The common name of this orchid is ‘Pink rock orchid’ and as you can see, my species is a very dark pink coloured form and an outstanding reliable plant for any garden with a few rocks. This species occurs naturally along eastern Australia from just above Newcastle to the central Queensland highlands and grows naturally on rocky surfaces.
They do best in full sun to partial shade with good air circulation and no frosts.
They are not hard to establish as you only need a few ‘aerials’ (small new plants with roots that form on established pseudobulbs) or a small clump of pseudobulbs to start with.
They establish better if they are held/tied down to prevent movement until established. Lightly covering the base with leaf litter aids establishment as it keeps new roots (the ones with green tips) cool.
I have been growing this orchid for many years in my relatively flat garden in the northern Sydney suburb of Westleigh, ever since I ‘inherited’ a 5 tonne rock for a Christmas present. The story behind this rock (one of three) and its transportation is too long for this article; however, they are certainly bold landscaping features in my front garden and courtyard.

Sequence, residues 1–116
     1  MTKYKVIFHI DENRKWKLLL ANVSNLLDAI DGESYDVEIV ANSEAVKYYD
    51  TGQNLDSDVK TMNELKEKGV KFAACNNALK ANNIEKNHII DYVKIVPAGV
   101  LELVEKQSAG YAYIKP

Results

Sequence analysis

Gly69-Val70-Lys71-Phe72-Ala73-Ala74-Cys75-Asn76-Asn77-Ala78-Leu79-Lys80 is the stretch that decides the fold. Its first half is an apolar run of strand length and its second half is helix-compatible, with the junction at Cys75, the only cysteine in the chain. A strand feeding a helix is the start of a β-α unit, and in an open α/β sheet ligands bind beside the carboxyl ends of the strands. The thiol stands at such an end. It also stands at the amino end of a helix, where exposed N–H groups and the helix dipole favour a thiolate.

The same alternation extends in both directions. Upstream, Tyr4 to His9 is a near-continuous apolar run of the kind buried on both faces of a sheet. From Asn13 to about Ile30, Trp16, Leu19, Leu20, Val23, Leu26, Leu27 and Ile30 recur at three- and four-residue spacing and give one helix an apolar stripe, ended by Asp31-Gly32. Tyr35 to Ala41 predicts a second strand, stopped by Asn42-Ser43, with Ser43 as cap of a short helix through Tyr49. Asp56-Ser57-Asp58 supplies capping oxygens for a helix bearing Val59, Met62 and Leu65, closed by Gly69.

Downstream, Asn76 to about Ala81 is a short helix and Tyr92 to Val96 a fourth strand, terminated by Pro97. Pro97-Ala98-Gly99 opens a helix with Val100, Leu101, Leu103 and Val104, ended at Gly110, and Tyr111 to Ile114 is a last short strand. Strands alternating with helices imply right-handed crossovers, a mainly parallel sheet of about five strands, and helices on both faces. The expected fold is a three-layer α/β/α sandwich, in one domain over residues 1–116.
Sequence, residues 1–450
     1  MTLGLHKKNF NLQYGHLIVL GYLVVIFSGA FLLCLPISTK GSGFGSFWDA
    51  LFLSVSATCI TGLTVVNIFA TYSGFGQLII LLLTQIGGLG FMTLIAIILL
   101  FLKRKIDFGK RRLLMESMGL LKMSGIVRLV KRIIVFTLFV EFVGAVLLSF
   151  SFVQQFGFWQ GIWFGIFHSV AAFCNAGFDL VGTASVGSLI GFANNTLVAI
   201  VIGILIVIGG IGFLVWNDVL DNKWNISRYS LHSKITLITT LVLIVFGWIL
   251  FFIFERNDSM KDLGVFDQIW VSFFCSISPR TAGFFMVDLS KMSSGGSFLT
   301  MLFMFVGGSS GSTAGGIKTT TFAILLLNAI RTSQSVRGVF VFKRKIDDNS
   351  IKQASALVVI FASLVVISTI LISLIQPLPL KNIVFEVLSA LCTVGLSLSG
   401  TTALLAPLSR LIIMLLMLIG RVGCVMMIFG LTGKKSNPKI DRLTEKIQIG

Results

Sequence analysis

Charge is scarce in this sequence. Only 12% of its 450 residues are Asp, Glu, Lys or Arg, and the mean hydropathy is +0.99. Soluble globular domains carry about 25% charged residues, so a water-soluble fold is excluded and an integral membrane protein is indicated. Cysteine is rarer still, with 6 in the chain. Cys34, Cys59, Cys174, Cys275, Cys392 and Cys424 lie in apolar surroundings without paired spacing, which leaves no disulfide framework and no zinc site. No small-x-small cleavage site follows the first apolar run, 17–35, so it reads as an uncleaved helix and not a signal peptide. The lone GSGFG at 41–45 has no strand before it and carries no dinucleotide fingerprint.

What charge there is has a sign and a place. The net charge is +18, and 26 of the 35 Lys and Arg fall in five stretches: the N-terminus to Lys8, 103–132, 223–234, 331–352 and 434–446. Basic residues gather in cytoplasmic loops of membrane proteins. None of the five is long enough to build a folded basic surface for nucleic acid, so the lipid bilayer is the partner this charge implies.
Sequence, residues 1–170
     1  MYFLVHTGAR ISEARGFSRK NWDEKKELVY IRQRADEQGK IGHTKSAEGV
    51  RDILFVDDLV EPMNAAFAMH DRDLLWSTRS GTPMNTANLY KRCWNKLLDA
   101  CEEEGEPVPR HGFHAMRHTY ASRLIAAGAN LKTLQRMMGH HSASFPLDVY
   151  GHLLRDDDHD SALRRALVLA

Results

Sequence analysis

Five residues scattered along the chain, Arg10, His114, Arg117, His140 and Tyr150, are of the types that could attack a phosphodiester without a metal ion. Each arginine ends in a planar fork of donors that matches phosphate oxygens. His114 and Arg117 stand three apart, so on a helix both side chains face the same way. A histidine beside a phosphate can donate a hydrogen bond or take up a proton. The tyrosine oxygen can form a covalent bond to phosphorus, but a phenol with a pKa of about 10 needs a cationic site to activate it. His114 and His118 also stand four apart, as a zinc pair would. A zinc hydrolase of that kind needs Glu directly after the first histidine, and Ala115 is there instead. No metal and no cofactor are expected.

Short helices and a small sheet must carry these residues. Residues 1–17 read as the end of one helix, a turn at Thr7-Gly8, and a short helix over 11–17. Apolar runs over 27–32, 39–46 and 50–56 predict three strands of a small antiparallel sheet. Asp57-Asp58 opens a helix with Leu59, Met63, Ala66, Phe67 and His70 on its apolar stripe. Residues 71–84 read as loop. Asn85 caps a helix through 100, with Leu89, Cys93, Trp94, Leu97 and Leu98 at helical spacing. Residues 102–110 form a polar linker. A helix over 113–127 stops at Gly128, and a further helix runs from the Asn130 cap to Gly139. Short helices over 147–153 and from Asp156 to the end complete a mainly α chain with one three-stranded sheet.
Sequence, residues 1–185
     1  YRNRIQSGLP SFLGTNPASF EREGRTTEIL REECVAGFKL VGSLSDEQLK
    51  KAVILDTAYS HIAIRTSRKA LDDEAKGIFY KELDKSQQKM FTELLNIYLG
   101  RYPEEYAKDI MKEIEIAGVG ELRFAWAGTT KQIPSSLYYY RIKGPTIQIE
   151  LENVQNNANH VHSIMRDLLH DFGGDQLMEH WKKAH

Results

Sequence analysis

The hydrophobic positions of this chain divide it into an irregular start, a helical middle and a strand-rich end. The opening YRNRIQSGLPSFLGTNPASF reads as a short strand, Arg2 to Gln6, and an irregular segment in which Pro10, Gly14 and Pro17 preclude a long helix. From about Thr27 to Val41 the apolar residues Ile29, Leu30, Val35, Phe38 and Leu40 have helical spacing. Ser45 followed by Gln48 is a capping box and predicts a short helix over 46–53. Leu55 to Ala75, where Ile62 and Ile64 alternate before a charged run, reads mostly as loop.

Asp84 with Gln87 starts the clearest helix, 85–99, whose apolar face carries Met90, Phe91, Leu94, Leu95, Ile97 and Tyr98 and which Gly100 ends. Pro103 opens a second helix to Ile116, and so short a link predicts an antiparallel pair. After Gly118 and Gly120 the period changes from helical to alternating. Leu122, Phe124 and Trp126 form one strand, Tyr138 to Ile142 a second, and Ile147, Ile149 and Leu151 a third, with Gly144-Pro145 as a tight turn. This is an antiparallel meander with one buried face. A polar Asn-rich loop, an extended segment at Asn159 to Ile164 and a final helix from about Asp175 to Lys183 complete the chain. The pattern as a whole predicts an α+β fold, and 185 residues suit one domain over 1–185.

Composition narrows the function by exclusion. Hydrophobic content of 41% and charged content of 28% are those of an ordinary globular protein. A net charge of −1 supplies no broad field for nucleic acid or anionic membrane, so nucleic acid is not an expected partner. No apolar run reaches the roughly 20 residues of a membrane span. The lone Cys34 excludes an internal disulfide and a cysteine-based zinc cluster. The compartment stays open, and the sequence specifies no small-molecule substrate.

My orchids receive afternoon full sun and morning dappled light, with minimal artificial watering and they are thriving. They now cover the whole of the top portion of the rock.
You will also notice there is a self-sown/self bonsai-ed/flowering Philotheca myoporoides growing at the base of the orchids. Nature is wonderful and I could not have thought of a better spot myself.
Note: the naming of this plant was correct at the time of writing. However, it appears the decision on this orchid’s naming is still not settled.